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Published on September 3rd, 2018 | by Guest Contributor

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Thoughts from a Community Organizer on Labor Day

Henry Shorr is a Community Organizer with Working America in Central Ohio. Find him on Twitter at @HenryShorr

Happy Labor Day!

To most people in America, Labor Day means a day off, barbeques, and pool closings. But for millions of workers in America, it also could be their only guaranteed weekday off between Independence Day and Thanksgiving.

Why do we get this day off? Unions. So what have unions ever done for us? How about an 8 hour work day, weekends, workers’ compensation, maternity leave, health coverage, vacation and sick time, pensions and retirement benefits, workplace protections, and collective bargaining. That’s just to name a few.

Seriously, though, all of the worker benefits currently in place in the United States are rights won by unions and organized labor.

Therefore, it’s important to remember these rights were not easily acquired. Blood… sweat… tears… and then more blood, sweat, and tears went into every fight that labor took up.

How did we get here?

The 1880s were an important era for labor in the United States. In 1882, New York held its first “Labor Day” celebration. Originally, Labor Day was supposed to be a break for workers halfway between Independence Day and Thanksgiving, so the first Monday in September was picked. That day saw 10,000 New Yorkers march from City Hall to Union Square. Then, in May of 1886 The Haymarket Riot happened in Chicago. The deaths of 7 police officers and 4 workers led to martial law, the execution of labor leaders in Chicago, and a crackdown on Labor efforts around the country and the world. Other countries celebrate their Labor Days on May 1st to commemorate the Haymarket Riot.

 

The Haymarket Riot, which boiled down to the workers’ demand for an eight-hour work day, didn’t end the labor movement in America. In fact, it was followed by the Homestead strike over proposed wage cuts in Pennsylvania and the Pullman strike just outside of Chicago. The Pullman strike, which was about a lot and is a really cool story in and of itself. Essentially, the ARU was striking over higher rent and lower wages led to federal troops marching into different cities to force railroads back into locomotion.It’s a pretty cool slice of labor history and you should look into if you have a few minutes. Six days after that, Grover Cleveland pushed through legislation establishing Labor Day to win back some good faith from the unions. The U.S. opted to keep the first Monday of September for our Labor holiday to not draw attention to the Haymarket riot.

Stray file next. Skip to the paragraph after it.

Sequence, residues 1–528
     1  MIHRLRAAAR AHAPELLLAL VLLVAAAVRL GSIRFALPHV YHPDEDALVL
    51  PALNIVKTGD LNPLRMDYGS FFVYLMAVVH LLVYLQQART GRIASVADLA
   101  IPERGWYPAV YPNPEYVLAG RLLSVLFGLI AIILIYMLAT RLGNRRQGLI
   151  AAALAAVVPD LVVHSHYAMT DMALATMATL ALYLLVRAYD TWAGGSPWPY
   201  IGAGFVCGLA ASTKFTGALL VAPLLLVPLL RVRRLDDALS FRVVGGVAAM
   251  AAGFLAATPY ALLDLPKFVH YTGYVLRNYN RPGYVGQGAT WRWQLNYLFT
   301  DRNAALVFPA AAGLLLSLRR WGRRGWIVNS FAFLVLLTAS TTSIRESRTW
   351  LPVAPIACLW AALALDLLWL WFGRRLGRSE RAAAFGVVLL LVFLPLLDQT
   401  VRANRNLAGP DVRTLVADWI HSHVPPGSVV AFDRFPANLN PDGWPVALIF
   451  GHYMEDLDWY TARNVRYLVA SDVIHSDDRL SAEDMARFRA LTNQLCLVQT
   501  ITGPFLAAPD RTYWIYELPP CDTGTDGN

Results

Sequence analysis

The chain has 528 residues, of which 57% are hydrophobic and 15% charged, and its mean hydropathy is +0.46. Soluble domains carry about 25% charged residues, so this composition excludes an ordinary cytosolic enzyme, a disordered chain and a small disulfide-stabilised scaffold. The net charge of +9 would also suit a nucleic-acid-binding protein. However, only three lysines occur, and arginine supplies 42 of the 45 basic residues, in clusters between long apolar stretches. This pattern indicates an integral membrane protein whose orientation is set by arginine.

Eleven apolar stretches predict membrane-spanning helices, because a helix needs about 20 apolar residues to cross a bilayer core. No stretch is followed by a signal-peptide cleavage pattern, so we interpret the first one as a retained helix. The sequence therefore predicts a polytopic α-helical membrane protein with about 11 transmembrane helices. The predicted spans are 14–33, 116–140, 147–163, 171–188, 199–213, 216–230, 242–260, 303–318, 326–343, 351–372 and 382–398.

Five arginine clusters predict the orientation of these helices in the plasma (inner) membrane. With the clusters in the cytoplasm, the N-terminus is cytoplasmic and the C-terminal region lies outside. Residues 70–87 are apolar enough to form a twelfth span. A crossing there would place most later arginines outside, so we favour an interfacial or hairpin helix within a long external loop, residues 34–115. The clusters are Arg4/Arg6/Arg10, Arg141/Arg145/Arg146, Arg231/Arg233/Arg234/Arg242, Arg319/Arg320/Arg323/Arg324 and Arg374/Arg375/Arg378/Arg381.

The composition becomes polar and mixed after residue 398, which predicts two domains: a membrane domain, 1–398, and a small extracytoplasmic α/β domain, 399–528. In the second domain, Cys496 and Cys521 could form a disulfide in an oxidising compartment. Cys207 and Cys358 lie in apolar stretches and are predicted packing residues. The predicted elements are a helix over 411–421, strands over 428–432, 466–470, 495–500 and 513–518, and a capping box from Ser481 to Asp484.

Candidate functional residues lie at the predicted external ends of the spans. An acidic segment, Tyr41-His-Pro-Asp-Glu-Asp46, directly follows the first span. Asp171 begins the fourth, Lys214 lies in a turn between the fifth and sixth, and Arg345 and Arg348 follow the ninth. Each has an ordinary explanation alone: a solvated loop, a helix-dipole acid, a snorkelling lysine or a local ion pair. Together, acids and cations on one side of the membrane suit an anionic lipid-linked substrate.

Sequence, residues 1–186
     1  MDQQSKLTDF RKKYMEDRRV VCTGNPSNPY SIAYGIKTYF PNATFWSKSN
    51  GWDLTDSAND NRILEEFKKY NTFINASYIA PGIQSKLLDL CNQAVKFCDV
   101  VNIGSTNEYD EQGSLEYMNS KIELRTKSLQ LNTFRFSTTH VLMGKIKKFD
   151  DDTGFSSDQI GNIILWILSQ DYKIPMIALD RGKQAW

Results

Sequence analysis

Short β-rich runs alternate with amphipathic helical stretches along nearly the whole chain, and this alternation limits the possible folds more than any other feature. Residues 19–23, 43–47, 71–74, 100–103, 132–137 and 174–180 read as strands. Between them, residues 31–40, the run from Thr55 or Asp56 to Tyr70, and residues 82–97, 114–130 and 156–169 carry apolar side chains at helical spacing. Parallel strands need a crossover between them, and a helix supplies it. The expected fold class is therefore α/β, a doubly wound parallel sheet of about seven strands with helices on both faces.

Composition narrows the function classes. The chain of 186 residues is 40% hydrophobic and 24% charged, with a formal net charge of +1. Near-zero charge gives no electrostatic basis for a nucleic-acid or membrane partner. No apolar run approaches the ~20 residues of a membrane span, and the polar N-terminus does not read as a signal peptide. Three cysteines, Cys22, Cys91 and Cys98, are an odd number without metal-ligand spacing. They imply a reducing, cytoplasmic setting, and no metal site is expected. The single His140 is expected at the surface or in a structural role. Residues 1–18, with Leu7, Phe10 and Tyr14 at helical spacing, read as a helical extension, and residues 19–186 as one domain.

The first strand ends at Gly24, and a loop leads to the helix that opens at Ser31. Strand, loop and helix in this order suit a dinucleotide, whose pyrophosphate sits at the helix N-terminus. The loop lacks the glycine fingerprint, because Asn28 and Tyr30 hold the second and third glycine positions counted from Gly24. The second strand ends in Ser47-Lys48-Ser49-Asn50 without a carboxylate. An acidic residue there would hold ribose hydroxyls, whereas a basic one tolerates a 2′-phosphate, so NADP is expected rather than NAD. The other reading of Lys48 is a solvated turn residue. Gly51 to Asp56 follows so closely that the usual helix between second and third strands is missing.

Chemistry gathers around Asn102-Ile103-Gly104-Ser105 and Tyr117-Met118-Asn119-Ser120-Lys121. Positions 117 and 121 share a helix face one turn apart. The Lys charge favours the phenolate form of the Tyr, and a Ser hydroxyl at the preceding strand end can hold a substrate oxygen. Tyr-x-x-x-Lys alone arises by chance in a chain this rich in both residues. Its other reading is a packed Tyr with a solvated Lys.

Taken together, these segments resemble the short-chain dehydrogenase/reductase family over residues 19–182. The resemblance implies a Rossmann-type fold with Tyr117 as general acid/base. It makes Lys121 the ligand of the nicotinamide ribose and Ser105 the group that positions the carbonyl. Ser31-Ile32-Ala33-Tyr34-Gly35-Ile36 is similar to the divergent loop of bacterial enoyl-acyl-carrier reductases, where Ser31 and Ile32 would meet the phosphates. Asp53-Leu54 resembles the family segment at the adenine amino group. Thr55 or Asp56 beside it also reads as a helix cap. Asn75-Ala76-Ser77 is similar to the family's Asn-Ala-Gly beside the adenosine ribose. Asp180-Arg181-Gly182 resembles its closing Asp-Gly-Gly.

That was in 1894.

41 years later, FDR signed the Wagner Act, which guaranteed the rights of private sector employees to belong to a union and engage in collective bargaining. 41 years. That’s almost twice as long as I have been on this earth. Between the Wagner Act and today, there have been even more battles. Wins and losses, triumphs and struggles. Labor has seen recent defeats such as the Supreme Court’s Janus ruling, which poses a major threat to our public sector unions by allowing non dues-paying members, or free riders, to receive the benefits bargained for by the unions without contributing anything to said unions.

We’ve also seen wins. In 2011, Ohio rejected SB 5 by a large margin and staved off the monkey that is Right to Work. Now, Ohio is surrounded by so-called Right to Work states. Supposedly, “right to work” brings in better businesses and jobs. However, Ohio continues to rank in the top ten for business climates and Ohio workers have on average better wages and benefits than counterparts like Michigan or West Virginia.

Where We Are Now

Ohio’s labor force is strong. Gov. John Kasich hasn’t messed with the unions since he lost his battle with the SB5 referendum, but he hasn’t been a friend to labor, either.  Workers need an ally in the Governor’s Mansion, in the Statehouse, and in Washington. That starts with us. We need to support the people who support us.

 

That means voting based on issues. At the end of the day, the issues a candidate runs on is what they will be putting effort towards in office. If you care about health care vote for the candidate with the best health care plan. If you care about education, or jobs, or infrastructure base your vote on those issues. Bottom line: If you are a part of the working class support people who support the working class and organize your efforts to better help bring forth the change you want to see in your community. Those are the people who we as constituents will have to work with when January comes.

What You Can Do

Today is the official start of election season and that means there is still plenty of time to get out and affect change positively in your community and beyond. There are plenty of great outlets to do so in Ohio, like (shameless plug forthcoming) getting involved with Working America! We have canvasses every Wednesday night up to the election and an action every Monday. Working America targets socio-economic issues but there is a great organization for any cause you are passionate about.

To sum up these somewhat congruous thoughts: Remember why we fight, fight for your issues before your party, and finally: just get out there! There is no time like the present. Especially with November around the corner.

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